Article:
Controlling the narrative

Sanjay Kapoor

Small towns wake up early. In Dinanagar, Gurdaspur district, Punjab, terrorists woke up India at 5.30 am when they began shooting innocent people. A few minutes later, the news channels had found a juicy bone. They began to run breaking news about how terrorists had struck in Punjab, which had been free of violence for the last two decades. Shortly thereafter, the channels announced that the terrorists had occupied the police station of Dinanagar and were shooting from inside. Some channels showed images of ill-trained Punjab Police men atop nearby terraces,  throwing what seemed to be stones towards the police station. Other channels showed some of them valiantly firing from their World War 1 vintage .303 rifles towards terrorists equipped with armour-piercing bullets. A little later, the coverage began to give the impression of being stuck in a groove. A few English channels explained that they were being “responsible” and not relaying live coverage of the gun battle that lasted 12 hours. Obviously, they were trying to prove that those who were beaming live footage from Dinanagar were wrong. While there may be merit in the TV channels not showing the terror attack as it happened, what the government began to do instead was to control the narrative. Even though the attack took place in Punjab with a strong likelihood of the return of Khalistani militants– even Hardnews reported the rise of Sikh extremism in the last issue – the narrative was firmly controlled by Delhi’s home ministry to perhaps tell another story. So, again, Pakistan was held responsible for the attack with GPS data displaying “way points” originating from the neighbouring country. What was intriguing was that the home ministry neither released pictures of the three terrorists nor tried to establish their identity. Were the terrorists Sikh extremists or did they belong to the Pakistan-based Lashkar-e-Taiba? Home Minister Rajnath Singh had earlier claimed that the terrorists had come from Pakistan, but later the government did an intriguing rethink. A day later, a government official told a channel that they had no evidence that Pakistan was involved in the attack.

At least on the Dinanagar incident, the media did not cross the laxman rekha, though the government eventually tied itself in knots due to its flawed self-perception. This does not really mean that its narrative was not contested by the social media or by what was emanating from across the border. Facebook entries claimed that those killed were Sikh terrorists trying to reignite the Khalistan cause after all these years. There were WhatsApp messages, to the same effect.

However, the traditional or mainstream media, by and large, stuck to the official line.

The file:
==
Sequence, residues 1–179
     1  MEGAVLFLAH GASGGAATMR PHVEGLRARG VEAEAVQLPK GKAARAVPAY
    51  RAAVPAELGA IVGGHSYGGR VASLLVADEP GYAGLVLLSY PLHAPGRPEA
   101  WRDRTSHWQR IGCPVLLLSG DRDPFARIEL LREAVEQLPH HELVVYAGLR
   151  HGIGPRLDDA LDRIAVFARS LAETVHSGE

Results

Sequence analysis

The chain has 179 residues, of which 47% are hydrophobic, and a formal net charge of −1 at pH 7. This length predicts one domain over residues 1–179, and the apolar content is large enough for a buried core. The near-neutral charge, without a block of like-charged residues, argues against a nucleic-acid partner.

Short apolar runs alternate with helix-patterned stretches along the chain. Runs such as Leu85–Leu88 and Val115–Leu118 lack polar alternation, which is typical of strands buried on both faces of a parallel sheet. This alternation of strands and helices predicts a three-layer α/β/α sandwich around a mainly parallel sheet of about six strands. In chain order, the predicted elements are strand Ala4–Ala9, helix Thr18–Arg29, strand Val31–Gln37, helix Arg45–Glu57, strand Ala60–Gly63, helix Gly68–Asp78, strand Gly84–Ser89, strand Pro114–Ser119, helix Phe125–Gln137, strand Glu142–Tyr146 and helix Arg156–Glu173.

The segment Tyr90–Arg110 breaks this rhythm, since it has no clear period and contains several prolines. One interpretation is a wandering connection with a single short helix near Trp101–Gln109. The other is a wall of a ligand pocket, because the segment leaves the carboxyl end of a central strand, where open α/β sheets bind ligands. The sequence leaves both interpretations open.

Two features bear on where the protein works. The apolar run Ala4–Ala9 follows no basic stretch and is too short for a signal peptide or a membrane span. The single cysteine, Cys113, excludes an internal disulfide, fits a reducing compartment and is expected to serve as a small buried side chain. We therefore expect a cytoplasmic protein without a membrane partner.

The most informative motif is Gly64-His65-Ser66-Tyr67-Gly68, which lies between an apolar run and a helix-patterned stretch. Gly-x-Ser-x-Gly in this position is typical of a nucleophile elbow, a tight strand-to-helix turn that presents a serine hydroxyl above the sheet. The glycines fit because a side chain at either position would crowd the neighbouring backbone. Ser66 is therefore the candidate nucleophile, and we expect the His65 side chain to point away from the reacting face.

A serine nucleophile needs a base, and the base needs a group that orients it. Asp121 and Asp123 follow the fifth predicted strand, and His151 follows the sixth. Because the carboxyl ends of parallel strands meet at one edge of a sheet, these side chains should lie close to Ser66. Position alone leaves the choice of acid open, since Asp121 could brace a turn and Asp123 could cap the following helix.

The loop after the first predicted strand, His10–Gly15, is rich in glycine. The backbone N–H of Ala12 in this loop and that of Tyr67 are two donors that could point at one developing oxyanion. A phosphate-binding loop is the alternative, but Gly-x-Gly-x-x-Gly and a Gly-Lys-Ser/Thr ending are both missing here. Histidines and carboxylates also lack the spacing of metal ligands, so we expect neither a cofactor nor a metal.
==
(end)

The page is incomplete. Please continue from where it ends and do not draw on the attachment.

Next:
After tasting this limited success, the government again tried to manage the media and the narrative when 1993 Mumbai blasts accused Yakub Memon was hanged in Nagpur jail. The Central government quietly told the visual media that they should not reveal the huge throng of people that had collected to bid goodbye to Memon. Most newspapers followed this diktat. Coincidentally, on the same day, former President APJ Abdul Kalam was being buried in his hometown of Rameshwaram. News channels displayed inordinate enthusiasm in covering his last journey. Did the news blackout of the burial of Memon work? Not if one goes by how some of the images of his burial went viral on Twitter. Also, the WhatsApp messaging platform, which disseminates more news and perhaps rumour than TV or any newspaper, was full of details about what happened in Mumbai or earlier in Nagpur. Similarly, the social media and WhatsApp were full of messages from those celebrating the execution of Memon. Their joy and blood lust, it seemed, threatening to spill beyond the confines of their mobile devices.

In these information-clogged times, the jury is still out on whether the media can be managed and the narrative be controlled by the government or the oligarchy. During the Arab Spring, every ruler tried to control the media but failed.  On the contrary, in Iran, the government managed to block Western propaganda and social media to preserve itself. What’s visible is that technology and its ever greater penetration is allowing government to pretty much keep track of everything, including those who could cause trouble. Stronger leaders are using electronic surveillance, as exposed by Edward Snowden, to control everything. In India, a beginning has been made at just that.

This story is from the print issue of Hardnews: AUGUST 2015